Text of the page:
I’m still reading through Exodus, and came across a passage this morning that gave me pause for thought. It is in Exodus 36 where Moses is instructing the Israelites on how to build the Tabernacle, a complicated building project that required some skill.
30 Then Moses said to the Israelites, “See, the Lord has chosen Bezalel son of Uri, the son of Hur, of the tribe of Judah, 31 and he has filled him with the Spirit of God, with wisdom, with understanding, with knowledge and with all kinds of skills— 32 to make artistic designs for work in gold, silver and bronze,33 to cut and set stones, to work in wood and to engage in all kinds of artistic crafts. 34 And he has given both him and Oholiab son of Ahisamak, of the tribe of Dan, the ability to teach others. 35 He has filled them with skill to do all kinds of work as engravers, designers, embroiderers in blue, purple and scarlet yarn and fine linen, and weavers—all of them skilled workers and designers. 36 1 So Bezalel, Oholiab and every skilled person to whom the Lord has given skill and ability to know how to carry out all the work of constructing the sanctuary are to do the work just as the Lord has commanded.”
What stood out was v34. Not only did God empower them with the Spirit to give them gifts of craftsmanship, but also with the ability to teach others.
I think a serious temptation for those of us in ministry, whether that is full-time, or in a volunteer capacity, is that we so enjoy the work of ministry, that we keep it to ourselves. In this context, it was not enough for Bazalel and Oholiab to be blessed with skill – they were also blessed with the ability to pass it on.
There are so many advantages to this model. Among them:
– you are delivered from the belief that you are the only one who can do this ministry
– others are equipped, discover and develop their spiritual gifts, and become increasingly effective in the kingdom of God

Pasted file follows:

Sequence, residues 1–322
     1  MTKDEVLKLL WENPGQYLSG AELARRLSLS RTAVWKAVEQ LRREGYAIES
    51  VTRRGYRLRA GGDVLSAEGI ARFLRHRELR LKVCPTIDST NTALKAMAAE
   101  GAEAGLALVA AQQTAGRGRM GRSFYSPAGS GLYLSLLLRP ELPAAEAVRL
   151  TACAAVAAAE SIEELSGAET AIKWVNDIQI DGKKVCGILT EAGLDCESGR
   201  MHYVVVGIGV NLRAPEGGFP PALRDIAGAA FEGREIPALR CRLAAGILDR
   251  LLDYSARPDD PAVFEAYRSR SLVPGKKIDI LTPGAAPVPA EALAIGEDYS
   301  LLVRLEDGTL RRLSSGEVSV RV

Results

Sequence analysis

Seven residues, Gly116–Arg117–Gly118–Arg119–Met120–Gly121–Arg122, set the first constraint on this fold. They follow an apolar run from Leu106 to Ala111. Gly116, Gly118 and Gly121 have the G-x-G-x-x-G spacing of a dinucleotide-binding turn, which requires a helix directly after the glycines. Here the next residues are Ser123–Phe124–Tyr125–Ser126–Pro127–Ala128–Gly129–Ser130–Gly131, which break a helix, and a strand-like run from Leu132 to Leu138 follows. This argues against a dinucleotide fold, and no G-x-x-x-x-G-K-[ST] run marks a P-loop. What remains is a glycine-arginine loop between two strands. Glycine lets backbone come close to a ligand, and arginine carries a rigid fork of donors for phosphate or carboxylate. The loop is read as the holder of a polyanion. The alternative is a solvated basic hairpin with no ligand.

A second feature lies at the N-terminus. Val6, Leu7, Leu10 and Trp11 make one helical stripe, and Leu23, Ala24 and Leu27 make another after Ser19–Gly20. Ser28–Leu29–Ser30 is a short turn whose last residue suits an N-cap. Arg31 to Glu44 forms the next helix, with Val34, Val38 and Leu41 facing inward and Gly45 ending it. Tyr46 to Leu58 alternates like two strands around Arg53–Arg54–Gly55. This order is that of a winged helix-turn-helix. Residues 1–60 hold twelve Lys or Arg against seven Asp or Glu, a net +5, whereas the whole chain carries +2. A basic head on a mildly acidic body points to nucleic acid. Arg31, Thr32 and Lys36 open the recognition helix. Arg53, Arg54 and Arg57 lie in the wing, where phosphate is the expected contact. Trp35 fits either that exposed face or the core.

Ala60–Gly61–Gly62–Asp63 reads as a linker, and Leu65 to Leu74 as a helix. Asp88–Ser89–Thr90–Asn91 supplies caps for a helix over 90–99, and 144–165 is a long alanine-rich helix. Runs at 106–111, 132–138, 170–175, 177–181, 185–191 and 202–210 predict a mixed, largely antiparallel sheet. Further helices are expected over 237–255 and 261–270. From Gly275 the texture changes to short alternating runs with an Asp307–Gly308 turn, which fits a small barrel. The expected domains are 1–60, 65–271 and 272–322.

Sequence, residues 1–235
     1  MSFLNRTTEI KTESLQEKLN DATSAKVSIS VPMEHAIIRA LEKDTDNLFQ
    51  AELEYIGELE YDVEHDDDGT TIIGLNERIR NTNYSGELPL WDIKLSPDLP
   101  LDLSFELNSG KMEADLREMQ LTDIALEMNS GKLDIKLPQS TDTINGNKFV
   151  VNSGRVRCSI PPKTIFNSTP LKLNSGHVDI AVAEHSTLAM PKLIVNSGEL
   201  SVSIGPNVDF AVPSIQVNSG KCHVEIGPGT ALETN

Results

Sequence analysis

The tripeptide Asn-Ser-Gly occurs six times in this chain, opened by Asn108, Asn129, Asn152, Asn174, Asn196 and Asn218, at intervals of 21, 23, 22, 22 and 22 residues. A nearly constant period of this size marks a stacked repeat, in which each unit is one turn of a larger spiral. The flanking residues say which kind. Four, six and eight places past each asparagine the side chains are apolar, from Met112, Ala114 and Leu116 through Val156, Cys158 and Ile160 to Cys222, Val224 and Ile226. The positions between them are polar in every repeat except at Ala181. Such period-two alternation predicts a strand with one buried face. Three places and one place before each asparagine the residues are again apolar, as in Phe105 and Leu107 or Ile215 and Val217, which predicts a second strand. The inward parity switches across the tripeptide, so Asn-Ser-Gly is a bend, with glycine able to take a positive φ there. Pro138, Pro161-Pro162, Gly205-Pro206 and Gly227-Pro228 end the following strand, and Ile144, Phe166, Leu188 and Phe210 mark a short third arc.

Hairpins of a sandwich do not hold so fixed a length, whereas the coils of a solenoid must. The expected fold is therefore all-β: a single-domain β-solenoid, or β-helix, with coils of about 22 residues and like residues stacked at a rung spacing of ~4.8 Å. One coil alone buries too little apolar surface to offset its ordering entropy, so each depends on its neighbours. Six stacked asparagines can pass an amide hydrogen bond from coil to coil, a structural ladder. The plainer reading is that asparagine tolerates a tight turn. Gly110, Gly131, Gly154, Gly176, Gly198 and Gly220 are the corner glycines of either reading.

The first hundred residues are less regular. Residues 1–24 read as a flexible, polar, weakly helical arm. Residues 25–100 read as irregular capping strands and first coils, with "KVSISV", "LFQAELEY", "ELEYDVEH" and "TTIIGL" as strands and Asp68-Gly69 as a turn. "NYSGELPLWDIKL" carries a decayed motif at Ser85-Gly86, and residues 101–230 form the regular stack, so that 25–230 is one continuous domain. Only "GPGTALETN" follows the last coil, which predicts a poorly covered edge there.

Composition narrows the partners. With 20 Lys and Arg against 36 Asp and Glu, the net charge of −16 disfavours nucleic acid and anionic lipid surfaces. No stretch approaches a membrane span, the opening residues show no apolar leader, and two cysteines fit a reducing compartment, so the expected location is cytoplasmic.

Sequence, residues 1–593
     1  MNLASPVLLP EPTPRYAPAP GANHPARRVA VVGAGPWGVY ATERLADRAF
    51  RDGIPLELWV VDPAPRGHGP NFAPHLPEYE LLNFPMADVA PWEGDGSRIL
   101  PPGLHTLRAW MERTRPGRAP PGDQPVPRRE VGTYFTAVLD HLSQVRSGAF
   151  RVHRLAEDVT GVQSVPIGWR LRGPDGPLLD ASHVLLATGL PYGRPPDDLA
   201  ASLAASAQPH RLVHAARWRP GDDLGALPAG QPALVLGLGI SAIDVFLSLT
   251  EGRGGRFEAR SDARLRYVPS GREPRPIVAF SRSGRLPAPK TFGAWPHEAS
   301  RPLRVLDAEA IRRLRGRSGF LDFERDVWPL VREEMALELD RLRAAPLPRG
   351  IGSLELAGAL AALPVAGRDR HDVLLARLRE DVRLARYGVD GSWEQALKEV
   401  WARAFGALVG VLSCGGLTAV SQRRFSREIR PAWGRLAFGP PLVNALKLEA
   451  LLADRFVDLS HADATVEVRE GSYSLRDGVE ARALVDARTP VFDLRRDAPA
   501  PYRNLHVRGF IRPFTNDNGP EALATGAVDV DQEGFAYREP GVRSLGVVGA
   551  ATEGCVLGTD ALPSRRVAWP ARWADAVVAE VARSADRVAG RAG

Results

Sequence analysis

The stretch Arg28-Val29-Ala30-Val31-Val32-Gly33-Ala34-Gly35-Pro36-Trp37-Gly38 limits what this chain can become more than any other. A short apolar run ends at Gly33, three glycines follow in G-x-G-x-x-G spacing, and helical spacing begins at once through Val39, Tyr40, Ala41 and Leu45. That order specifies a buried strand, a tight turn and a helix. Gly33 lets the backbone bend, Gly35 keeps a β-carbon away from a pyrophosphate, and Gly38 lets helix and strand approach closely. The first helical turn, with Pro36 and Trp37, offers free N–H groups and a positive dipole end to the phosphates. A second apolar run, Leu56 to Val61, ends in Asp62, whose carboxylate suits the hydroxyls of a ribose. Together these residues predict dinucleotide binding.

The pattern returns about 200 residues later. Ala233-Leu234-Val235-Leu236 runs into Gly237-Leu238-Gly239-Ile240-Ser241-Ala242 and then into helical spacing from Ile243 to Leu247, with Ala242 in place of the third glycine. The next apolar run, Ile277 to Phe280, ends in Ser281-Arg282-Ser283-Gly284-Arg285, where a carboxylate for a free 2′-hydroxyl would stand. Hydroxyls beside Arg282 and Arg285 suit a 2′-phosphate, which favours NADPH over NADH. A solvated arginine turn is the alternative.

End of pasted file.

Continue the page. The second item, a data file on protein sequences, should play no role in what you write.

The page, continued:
– in business terms, it’s a scalable model. If everyone who has a ministry skill passes it on to others, then there is no ceiling. The compass of the ministry can keep on growing.
I think many pastors, and others involved in full-time ministry could do with re-reading Ephesians 4:11-13:
11 So Christ himself gave the apostles, the prophets, the evangelists, the pastors and teachers, 12 to equip his people for works of service, so that the body of Christ may be built up 13 until we all reach unity in the faith and in the knowledge of the Son of God and become mature, attaining to the whole measure of the fullness of Christ.
“To equip his people for works of service.” That is equally as important as exercising the ministry that is our gifting.
Over the last few weeks, in anticipation of my move to San Jose, I have spent time with one individual in Tampa, honing his skills on preaching. Over the years I have picked up a few tips and techniques, and it has truly been a pleasure to pass those on. Here in San Jose I will also be on the lookout for potential “apprentices” that I can help to equip in some way.
My prayer is that God will bless my teaching and preaching, but that also, he will bless my attempts to teach others in the same craft.
How has God gifted you? What is it that you do, that you could teach someone else, and in doing so, bless both them and the kingdom? Ask God to reveal that to you – and then get busy – pass it on!